Published June 19. 2014 4:00AM
In a display of what I thought was clever planning, I recently took some time off. Good for weather, bad for food, as I discovered that the summer edition of the Greek Festival at St. Sophia's in New London, fell on the same week. (Caveat: I live half an hour away and don't commute if I don't have to during time off. Not even for moussaka.)
Still, the seed had been planted, so naturally I had to get a Greek food fix upon my return to the region. I'd heard good things about the Greek eats at Charlie's Place in Niantic, and another web listing noted that Charlie's offers "the best breakfast in Niantic." Double score; off I went to Charlie's one rainy evening.
I had time for a quick meal between work and an appointment, so in the interest of time I kept my selections simple: one cup of lemon chicken soup ($2.75) and one grilled cheese ($4.95 with fries).
Now, we like to think that tomato soup is a grilled cheese's ultimate partner, but people, when the lemon chicken soup is as good as Charlie's, we can make exceptions. Thick and, indeed, lemony, shredded chicken makes the soup a hearty, delicious, soul-warming choice. Highly recommended.
As for the grilled cheese, it was everything it needed to be: generous on the cheese and toasted just right. No artisan sourdough or brioche here, just the classic toasted cheese sandwich that is made to hit the spot. The accompanying fries, too, were just right: soft, but not too soft, and retained potato flavor post-fryolater.
Spurred on by the wonderful soup, I brought home a Greek feast soon thereafter. In a move of great restraint, I only ordered the Chicken Souvlaki platter ($13.95; and actually has a choice between chicken or pork) and the Gyro Sandwich ($10.95), which turned out to be more than enough for two of us. The souvlaki comes with a side of delicious, soft pita and a mini Greek salad, complete with one stuffed grape leaf roll and loads of feta, and both dishes came with fries.
I opted for chicken-as-souvlaki-meat and was rewarded for the choice. When grilled chicken that's traveled 30 minutes still retains its flavor (a light herbal marinade, perhaps) and moisture, you know you're dealing with a capable chef. The two generous skewer-fuls of the chicken would have fed us both in less research-oriented scenario, because the ample side salad and the option to roll up some chicken in the pita bread filled out the meal nicely.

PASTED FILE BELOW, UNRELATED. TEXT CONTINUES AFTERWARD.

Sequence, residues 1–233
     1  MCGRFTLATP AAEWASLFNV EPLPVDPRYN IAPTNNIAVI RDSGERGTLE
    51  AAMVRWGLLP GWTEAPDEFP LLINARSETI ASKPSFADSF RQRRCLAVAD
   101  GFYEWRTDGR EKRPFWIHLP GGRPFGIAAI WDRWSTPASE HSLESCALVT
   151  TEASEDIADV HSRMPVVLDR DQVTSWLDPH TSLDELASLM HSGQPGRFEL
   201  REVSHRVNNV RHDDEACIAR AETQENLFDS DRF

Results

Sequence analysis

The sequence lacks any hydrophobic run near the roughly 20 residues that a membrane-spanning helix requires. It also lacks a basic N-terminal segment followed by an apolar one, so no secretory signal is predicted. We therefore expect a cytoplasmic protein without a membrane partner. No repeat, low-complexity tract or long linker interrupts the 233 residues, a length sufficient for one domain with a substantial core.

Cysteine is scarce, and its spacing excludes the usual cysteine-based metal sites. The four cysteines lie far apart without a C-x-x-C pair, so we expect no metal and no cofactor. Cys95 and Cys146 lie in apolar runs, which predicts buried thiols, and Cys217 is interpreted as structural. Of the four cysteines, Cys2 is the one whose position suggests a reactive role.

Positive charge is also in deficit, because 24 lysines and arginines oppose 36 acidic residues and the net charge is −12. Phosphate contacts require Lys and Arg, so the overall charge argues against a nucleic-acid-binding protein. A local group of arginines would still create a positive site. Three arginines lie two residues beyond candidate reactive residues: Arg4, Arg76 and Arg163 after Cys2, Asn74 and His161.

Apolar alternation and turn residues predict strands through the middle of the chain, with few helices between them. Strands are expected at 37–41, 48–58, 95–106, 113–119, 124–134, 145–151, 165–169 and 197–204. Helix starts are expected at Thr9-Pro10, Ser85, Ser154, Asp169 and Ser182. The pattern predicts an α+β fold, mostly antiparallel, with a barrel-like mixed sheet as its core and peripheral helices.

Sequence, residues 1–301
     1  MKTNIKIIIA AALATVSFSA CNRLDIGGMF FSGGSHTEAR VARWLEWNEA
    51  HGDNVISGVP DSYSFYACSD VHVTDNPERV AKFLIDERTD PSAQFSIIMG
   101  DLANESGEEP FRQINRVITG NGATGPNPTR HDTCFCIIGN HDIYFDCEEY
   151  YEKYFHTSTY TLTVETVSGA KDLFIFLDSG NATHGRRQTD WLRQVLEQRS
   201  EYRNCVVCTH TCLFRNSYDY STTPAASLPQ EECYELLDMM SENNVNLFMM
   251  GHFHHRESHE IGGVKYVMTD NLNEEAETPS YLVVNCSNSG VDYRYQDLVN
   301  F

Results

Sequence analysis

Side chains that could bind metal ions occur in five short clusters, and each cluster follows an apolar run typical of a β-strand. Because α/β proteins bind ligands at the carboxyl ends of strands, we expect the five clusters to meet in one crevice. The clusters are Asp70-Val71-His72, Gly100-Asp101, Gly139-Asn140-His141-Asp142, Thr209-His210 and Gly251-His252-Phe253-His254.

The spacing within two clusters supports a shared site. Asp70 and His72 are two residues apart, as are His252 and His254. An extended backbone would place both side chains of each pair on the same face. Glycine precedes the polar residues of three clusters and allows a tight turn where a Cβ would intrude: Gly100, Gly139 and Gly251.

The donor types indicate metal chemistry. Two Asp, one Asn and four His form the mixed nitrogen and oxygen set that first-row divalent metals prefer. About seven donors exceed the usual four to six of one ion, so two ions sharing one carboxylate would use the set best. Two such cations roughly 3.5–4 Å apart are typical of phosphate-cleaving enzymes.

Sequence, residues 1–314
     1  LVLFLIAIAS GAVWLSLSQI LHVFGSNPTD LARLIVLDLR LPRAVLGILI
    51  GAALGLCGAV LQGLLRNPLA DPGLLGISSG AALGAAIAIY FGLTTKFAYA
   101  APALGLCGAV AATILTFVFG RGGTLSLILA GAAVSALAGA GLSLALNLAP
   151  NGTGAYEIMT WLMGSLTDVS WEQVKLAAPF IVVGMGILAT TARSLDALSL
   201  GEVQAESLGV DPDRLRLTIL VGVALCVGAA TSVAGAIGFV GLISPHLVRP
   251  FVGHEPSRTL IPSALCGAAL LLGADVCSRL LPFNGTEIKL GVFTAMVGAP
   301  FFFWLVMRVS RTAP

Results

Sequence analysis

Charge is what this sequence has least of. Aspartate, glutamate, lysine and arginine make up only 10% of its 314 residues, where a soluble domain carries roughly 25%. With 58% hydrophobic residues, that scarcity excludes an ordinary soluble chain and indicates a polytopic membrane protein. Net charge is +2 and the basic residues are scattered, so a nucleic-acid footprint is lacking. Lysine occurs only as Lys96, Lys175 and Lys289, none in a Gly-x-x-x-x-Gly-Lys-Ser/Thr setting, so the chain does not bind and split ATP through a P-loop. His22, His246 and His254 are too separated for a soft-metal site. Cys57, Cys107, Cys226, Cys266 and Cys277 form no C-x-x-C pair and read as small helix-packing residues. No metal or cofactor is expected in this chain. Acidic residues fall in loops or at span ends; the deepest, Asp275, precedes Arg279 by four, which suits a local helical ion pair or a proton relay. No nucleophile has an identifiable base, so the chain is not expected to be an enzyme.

As for the salad, we loved the accompanying dressing (lots of herbs and lemon, we suspected). The veggies were crisp and fresh, and my husband enjoyed the many olives within. But both the dolmade and feta, while enjoyable enough, rank as average among the others I've tried; the dolmade offered an interesting, slightly sweeter spice note and the feta was a little softer and not as bite-y and salty as I prefer.
I managed to grab a few bites of the pita sandwich before my husband finished it off, and we'll have to get it again sometime soon. The zesty spice of the meat, paired with the accompanying onions, tomatoes, lettuce, made for a flavorful meal that left us full, but not moaning, and the strips of gyro meat were the perfect counterpart to the pillow-soft pita-bread vessel. We hardly needed the provided tzatziki sauce, which was quite creamy and fairly tame in bite.
Still intrigued by the breakfast menu, we returned to Charlie's on Father's Day for some brunch. (Breakfast is served until 1 p.m. most days, and until 2 p.m. on Sunday.) Despite the holiday, the fantastic staff got us seated immediately, promptly followed by coffee delivery. (Note: Charlie's coffee is above and beyond the usual high-test diner coffee. It's smooth, fresh, and plentiful.) While the aroma of the pancakes nearly got me, I opted for a higher protein breakfast and ordered the Breakfast Burrito ($6.95). This hearty wrap comes grilled and filled with scrambled eggs, jalapenos, onions, tomatoes and cheddar. It is as delightful as it is filling, and the jalapenos in my burrito packed plenty of kick (oftentimes, jalapenos can be tame).
My husband, a product of a Southern mother, had to order the biscuits and gravy, one of the day's specials ($3.95). I'm not a big on white gravy, but Charlie's was the best I've had, and the tasty biscuits maintained some crispy edges despite the generous amount of gravy poured atop them. The dish did not survive my husband's enthusiasm for it - not helped by his good choice of the hearty Philly cheese steak grinder ($9.95) for his "breakfast." Loaded with peppers, onions, cheese and steak that tasted like proper steak, we loved this sammie from the lightly toasted bread on up.
And if I may recommend one more thing, if you possibly have room, try the rice pudding ($2.75). Our heaping mound of none-too-sweet, toothy rice pudding was raisin-free (a plus) and delicious. And our wise waitress asked if we wanted it with whipped cream (um, yes), which lent a little sweetness (and fun) to the pudding, offset nicely by the bite of the well-measured dusting of cinnamon.
Our samplings only scratch the surface of the many dishes on Charlie's menu. We can only eat so much, but with such variety, we were assured that most diners will be able find something to enjoy over and over again.